I've gotta be honest here - this was by far the most disappointing breakdown I’ve done so far. I’ve always been a huge fan of the Big O. Sadly, his elimination game statistics are rough, especially in the latter half of his career. If you were wondering where Mr. Triple Double was, check out his stats from the first seven elimination games of his career - that’s the real Oscar Robertson. He averaged over 48 minutes of play in those games!
Am I the only person who thought Jimmy Butler was a 20-points-per-game guy? His regular season scoring average is a surprising 17.7, which makes his 14.6 ppg in elimination games more forgivable. Still though, this is Jimmy G. Buckets we're talking about - maybe Buckets should just be "Bucket." That said, Butler is really starting to earn that nickname with the way he played in his last two elimination games. His Game 6 in the Eastern Conference Finals versus Boston, in particular, will go down as one of the legendary elimination game performances in NBA history.
The man who's scored more points than anyone in the history of the NBA did not disappoint when his teams needed him most. Kareem was known for his legendary "sky-hook," which he used to perpetually flummox defenses. Despite facing some tough defenses during his time with the Milwaukee Bucks and Los Angeles Lakers, Abdul-Jabbar routinely carved up whoever was brave enough to challenge him in the post.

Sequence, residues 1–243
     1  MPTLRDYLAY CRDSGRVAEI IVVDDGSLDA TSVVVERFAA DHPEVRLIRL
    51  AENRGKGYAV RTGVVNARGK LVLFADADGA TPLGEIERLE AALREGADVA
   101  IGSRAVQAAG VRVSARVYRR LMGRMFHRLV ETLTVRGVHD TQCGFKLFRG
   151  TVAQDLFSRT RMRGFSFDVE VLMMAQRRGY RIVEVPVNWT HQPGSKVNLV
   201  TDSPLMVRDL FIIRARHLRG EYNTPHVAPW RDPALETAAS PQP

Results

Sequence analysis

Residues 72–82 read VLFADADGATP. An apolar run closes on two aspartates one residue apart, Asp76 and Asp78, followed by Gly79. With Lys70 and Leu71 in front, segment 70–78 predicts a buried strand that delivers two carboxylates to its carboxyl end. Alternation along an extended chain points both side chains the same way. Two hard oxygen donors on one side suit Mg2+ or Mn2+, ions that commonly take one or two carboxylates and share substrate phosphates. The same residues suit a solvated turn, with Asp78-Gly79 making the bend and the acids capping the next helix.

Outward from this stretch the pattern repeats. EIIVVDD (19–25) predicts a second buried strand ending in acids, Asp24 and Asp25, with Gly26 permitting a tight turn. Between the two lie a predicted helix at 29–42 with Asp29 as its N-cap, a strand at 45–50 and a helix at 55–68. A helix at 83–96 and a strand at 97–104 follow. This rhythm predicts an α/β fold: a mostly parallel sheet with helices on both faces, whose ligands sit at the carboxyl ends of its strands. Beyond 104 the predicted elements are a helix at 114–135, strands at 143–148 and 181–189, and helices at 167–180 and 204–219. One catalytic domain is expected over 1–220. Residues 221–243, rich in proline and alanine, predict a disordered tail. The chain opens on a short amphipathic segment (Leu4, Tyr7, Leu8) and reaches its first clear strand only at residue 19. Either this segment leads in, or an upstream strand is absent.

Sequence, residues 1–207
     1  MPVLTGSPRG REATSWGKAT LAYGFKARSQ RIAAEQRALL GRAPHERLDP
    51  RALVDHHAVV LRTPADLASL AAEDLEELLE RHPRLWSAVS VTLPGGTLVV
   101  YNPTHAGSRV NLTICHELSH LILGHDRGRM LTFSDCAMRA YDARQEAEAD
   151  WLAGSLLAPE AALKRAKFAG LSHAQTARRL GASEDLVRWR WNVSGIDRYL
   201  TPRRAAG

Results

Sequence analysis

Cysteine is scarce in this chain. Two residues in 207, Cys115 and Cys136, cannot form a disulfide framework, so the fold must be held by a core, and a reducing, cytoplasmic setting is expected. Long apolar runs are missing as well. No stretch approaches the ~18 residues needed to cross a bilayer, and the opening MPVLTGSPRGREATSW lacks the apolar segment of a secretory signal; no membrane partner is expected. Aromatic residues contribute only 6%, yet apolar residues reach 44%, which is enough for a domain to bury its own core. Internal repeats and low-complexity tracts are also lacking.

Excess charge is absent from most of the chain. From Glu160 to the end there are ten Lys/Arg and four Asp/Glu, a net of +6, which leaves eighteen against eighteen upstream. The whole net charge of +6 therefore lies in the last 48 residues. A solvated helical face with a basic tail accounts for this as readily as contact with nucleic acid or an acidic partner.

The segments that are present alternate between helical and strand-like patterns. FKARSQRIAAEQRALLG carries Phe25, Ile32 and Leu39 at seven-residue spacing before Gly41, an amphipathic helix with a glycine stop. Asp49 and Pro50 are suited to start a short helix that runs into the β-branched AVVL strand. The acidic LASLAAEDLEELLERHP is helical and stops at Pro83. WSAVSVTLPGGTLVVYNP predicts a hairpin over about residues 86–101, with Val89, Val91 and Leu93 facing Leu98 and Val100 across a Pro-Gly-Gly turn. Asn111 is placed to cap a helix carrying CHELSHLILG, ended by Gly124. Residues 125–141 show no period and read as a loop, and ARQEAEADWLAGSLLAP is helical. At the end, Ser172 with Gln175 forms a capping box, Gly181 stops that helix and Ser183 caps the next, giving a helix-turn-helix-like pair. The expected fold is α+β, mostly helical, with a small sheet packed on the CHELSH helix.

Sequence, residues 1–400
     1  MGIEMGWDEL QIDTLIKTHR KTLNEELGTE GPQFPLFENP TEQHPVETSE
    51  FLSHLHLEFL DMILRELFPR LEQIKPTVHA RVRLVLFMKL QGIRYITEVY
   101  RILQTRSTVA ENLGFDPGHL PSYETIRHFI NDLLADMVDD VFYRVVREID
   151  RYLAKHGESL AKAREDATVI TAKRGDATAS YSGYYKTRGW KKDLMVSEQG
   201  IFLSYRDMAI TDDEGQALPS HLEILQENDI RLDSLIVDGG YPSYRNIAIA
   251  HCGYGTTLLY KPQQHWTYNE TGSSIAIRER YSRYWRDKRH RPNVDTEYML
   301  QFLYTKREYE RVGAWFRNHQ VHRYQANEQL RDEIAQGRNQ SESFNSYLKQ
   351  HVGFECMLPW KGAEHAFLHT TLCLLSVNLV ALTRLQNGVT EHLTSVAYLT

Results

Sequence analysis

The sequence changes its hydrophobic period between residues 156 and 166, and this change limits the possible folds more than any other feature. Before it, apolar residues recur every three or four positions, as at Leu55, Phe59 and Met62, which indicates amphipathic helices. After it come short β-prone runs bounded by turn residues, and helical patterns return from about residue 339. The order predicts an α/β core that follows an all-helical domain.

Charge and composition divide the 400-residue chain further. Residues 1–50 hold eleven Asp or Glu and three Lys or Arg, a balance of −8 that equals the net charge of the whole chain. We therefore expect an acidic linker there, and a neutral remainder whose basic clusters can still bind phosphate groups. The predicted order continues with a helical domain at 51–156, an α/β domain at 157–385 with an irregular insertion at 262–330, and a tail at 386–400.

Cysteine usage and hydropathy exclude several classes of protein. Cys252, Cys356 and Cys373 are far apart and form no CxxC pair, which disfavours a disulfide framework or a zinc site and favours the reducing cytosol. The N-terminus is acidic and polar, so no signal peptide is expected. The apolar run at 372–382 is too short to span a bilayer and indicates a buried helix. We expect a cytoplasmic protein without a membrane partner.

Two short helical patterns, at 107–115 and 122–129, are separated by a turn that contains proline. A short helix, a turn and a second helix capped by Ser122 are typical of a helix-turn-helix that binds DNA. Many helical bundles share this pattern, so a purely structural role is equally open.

Even more impressive, check out the Big Fella's numbers in his first 18 elimination games: 29.4 points per game, 14.2 rebounds, 4.1 assists on 53.4% shooting from the floor. Those numbers stack up well with just about everybody we've covered so far. If you leave here with one thing, just remember that Kareem is absolutely one of the greatest basketball players of all time - he doesn't get nearly enough recognition.
The greatest winner in the history of sports. He was an eleven-time NBA Champion. He made twelve All Star teams. He won five MVPs. When Bill Russell passed away on July 31, the NBA, and the entire sporting community, lost a legend.
It's no surprise, then, that Russell was at his best in elimination games. We've seen a lot of excellent performers in these games, but to go 17 - 2? That's on a whole other level - and only Russell can exist on that level. He put up 30 points and 40 rebounds in Game 7 of the 1962 NBA Finals versus the Los Angeles Lakers! 40 boards in one game! And it's really too bad the NBA didn't keep track of steals and blocks back in the '60s, because Russell would have surely awed us in that regard as well.
This is in no way a complete summary and many NBA legends were omitted. If there are any other players you would like me to do a breakdown on, please let me know in the comments section.